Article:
Wow! Look at all the storage in that motorhomeâ€™s exterior cabinets.â€Â
Thatâ€™s what you think when you see a brand new coach sitting there with the storage compartments empty. And then you start filling them up with all the â€œnecessaryâ€ stuff you have to carry.
Hereâ€™s an inventory of what we have determined is necessary stuff in the outside compartments of our 36-foot motorhome. We didnâ€™t start out with all this stuff. It just gradually grew to meet demand.
The space adjacent to the hookup compartment contains the 30-foot-long, 50-amp shorepower cord that came with our motorhome. For those occasions when 30 feet is not long enough, I have added a 25-foot-long, 30-amp power cord and an adapter to connect the two cords together.Â
Actually, we have two 30-amp cords. So itâ€™s possible for me to reach out 80 feet and tap into an electrical outlet. We also have an adapter that allows me to attach the 30-amp cord directly to our motorhome when only a 30-amp hookup is available. Another adapter allows me to connect a 30-amp cord to a 15-amp outlet. Yet another adapter makes it possible to plug a 30-amp cord into a 50-amp outlet. There is also a 50-foot-long extension cord. Now, I wouldnâ€™t try to connect all those cords together and plug into a 15- or 20-amp outlet, but having an assortment of cords and adapters allows me to cover a variety of situations.
In the same compartment we also have four lengths of sewer hose â€” one 8-footer and three 10-footers. Each has a male connector at one end and a female connector at the other. Another 2-foot length of sewer hose has a female connector at one end and a 90-degree sewer adapter at the other. Most of my sewer hookups are usually within 12 feet of my sewer outlet but I can easily connect all the hoses and reach out as far as 35 feet. If itâ€™s any farther away, Iâ€™ll just have to do without.Â
A 50-foot length of green garden hose is also in this compartment. I have used this on more than one occasion to empty our gray-water holding tank into a non-conventional sewer inlet (a sewer cleanout access, for example). The hose is green so I donâ€™t accidentally use it for fresh water.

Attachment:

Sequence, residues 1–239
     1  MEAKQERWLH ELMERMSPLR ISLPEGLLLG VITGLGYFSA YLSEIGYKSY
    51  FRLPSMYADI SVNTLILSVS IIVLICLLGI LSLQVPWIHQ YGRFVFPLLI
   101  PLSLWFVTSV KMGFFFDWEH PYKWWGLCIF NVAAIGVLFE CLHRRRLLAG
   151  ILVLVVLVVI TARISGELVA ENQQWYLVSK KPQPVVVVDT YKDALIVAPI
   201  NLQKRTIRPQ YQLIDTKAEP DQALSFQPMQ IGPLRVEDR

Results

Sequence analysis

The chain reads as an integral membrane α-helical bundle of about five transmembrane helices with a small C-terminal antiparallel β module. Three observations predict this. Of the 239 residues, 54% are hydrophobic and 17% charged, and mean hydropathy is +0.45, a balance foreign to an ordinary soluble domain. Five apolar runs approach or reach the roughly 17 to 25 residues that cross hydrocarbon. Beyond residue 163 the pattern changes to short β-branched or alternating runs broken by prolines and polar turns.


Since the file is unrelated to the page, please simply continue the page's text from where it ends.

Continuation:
Depending upon the distance to the water hookup, I have my choice of either a 10-, 15- or 25-foot length of water hose (or 50 feet if they are joined together). My water filter is next. And finally, 4 feet of water hose that connects the water filter to the motorhomeâ€™s water inlet. The water filter and hoses are equipped with quick-connect fittings. Connecting one to the other is literally a snap. By the way, the fresh-water equipment never comes in contact with the sewer hookup equipment.
Two 15-foot lengths of coaxial antenna cable have proven adequate so far. So has a 20-foot length of telephone extension cord for those rare occasions when a telephone hookup has been available and useful.
A small box contains a circuit analyzer, a box of disposable gloves, a pair of pliers for tightening and loosening hose fittings, a hose-repair kit, water-hose washers, a variety of TV cable connectors, and, of course, a roll of duct tape.
Vicki also converted one exterior compartment into an enormous pantry.Â
The remaining storage compartments contain a short stepladder, two folding chairs, an assortment of leveling boards and a toolbox. There is also a doormat we place on the ground outside our entry door. It allows the dirt to fall through to the ground when I remember to wipe my feet. Plus, thereâ€™s a 3-by-5-foot outdoor mat; we lay this outside our door when the ground is particularly dusty or sandy. It also does duty as a mat to lie on when working on the underside of our motorhome. And, finally, a 50-foot length of air hose lets me tap into our dieselâ€™s air-compressor and add air to the tires. The hose has not been used since I acquired a more convenient 125 psi 120-volt AC air compressor.
Thereâ€™s an RVing rule somewhere that states, â€œthe amount of stuff you carry is directly proportionate to the amount of storage space available.â€ I guess if we had more space we would carry more stuff.
Visit the Kievasâ€™ website at www.rvknowhow.com.Â